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Thread: Building Pad Construction

  1. #1
    Senior Member AmericanLandMgt's Avatar
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    Building Pad Construction

    Hey guys. I am building my house on some property that I have owned for a while. The land is really wet and you cant dig deep enough to dig footers without hitting water so I want to build the area up a couple feet and then dig the footers into the new fill. The soil is mostly yellow clay that compacts really well. How do I go about compacting the fill material so that it is suitable for digging a foundation into? I have a TD-20 I was going to use to compact it. Do I just need to do like three inch lifts and then track back and forth on it or do I need to get a compacter out there? This house is going to be in the family for a while so I dont want any complications in the future.

  2. #2
    Senior Member heavylift's Avatar
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    clay isn't a could material for under a building... it swells ... then shrinks... in cycles... floors crack
    most building around here use a material that they call Low Volume... which means a low volume of clay.... It's a sandy top soil dirt... and it compacts very well...
    we have dug out 100's of loads of clay at a site, then haul in the low volume...

    as for building on top over shallow water table water.. they do it around here, but the home don't have basements , and are for the most part slab on grade..

    Might want to have the area tested first by the dirt tester people...

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    x2 on the clay being expansive. Caisons might be a better fit for your site.

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    That's interesting...around here, when building roads commercial buildings etc, they seem to always strip all the topsoil and fill with clay and compact. They may not be using just any kind of clay so there may be the difference. Where it's wet and have trouble getting it to dry out or compact to spec they mix in fly ash, but that's more on road type work.

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    Senior Member tootalltimmy's Avatar
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    Here we use 6" minus gravel and top with 3/4" minus gravel. I would think about dealing with drainage first?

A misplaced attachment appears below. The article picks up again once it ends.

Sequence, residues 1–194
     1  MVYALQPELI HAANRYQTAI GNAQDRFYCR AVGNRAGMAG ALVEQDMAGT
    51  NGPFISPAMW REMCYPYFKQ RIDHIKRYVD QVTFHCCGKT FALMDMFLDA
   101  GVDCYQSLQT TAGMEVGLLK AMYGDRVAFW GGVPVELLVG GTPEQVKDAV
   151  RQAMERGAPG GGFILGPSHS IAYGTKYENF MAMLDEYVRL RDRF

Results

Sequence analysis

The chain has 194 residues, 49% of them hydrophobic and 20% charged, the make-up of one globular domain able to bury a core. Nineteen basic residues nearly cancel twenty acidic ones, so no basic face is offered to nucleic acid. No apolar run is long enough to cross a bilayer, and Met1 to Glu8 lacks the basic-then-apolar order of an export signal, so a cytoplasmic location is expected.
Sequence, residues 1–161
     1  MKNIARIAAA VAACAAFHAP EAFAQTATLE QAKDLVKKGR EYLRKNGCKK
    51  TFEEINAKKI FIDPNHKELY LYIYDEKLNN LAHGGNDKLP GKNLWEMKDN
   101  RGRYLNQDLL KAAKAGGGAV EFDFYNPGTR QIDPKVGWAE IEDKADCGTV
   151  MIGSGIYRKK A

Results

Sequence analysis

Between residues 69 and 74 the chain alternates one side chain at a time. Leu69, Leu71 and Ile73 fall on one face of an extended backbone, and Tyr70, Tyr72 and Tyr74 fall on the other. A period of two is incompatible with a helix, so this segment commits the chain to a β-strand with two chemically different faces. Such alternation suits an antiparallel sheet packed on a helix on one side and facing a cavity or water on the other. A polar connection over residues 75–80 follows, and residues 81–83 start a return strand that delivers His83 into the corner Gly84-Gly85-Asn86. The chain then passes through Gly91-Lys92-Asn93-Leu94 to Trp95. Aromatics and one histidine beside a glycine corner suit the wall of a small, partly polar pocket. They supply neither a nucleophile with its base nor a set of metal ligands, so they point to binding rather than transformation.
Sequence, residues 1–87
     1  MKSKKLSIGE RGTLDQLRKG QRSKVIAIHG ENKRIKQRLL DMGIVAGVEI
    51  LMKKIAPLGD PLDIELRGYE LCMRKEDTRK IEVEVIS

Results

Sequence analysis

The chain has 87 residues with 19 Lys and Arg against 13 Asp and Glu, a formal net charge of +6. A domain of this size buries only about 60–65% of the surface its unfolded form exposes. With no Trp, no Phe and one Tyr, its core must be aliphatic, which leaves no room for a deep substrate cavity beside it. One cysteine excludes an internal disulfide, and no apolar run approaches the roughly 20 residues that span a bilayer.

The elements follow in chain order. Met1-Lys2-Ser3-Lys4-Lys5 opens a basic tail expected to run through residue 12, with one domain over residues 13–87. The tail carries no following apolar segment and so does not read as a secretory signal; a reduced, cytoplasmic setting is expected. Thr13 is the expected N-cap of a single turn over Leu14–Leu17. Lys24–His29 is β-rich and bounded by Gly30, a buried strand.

Putting this on top of clay on top of water sounds like future problems.

    12" lifts will give you good compaction.

    You could rent one of these in Canada for $155/day. Would do the job.
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    Senior Member stumpjumper83's Avatar
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    I used to live in south east pa, where developments were the rage and I was employed by a contractor that kept 150 guys busy building developments, when the pavement was in, we were out. Major site work only.

    Any fill that was going to be a road or house pad was regularly tested as it was put in for moisture content and compaction and it had to pass both. Compaction was achieved with cat 824 soil compactors and dirt rollers like ingersol's sd120, 12" lifts... etc

    Between you and me, I will never own a house on fill, unless its on piers that go down to virgin earth, bedrock perferably.

    If you must have a house in that exact location, over excavate it with that td20, push that yellow clay away somewhere and replace it with some something with structure.

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    call a soils engineer..........or build on piers to virgin soil/rock.........this is not a place to be guessing and taking internet advice

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    Senior Member Tinkerer's Avatar
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    How severe is the water situation. Is it like a swamp with surface water on occasion ? We have both yellow and blue clay with a moderate amount of water infiltrating it in our area. Basements are dug and erected on a regular basis.

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    get the site and the pad engineered,you will not regret it. most of the time a dozer will not get to corect compaction.

  10. #10
    Senior Member AmericanLandMgt's Avatar
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    Wow didnt realize it was that big of a deal putting in a building pad.

    I will call the soil guys and get their opinion before I start pushing any dirt around.

    The house is going to be built on a crawlspace foundation with footers. Basements are pretty much unheard of around here. The land isnt swamp, I may have made its sound worse than it really is, its just that when you dig down two feet or so you start to hit ground water. There is no surface water on the properly graded areas. That being said, some water does pool up in the enormouse skidder tracks that the loggers left behind.

    There are houses built all up and down the street ranging from slab houses to gigantic houses on crawl spaces, but none are built on pilings, Ive owned the land a while and watched most of the houses go up. As far as putting something down to bedrock, when I had my well put in they didnt hit rock for two hundred feet so I dont think that would be doable.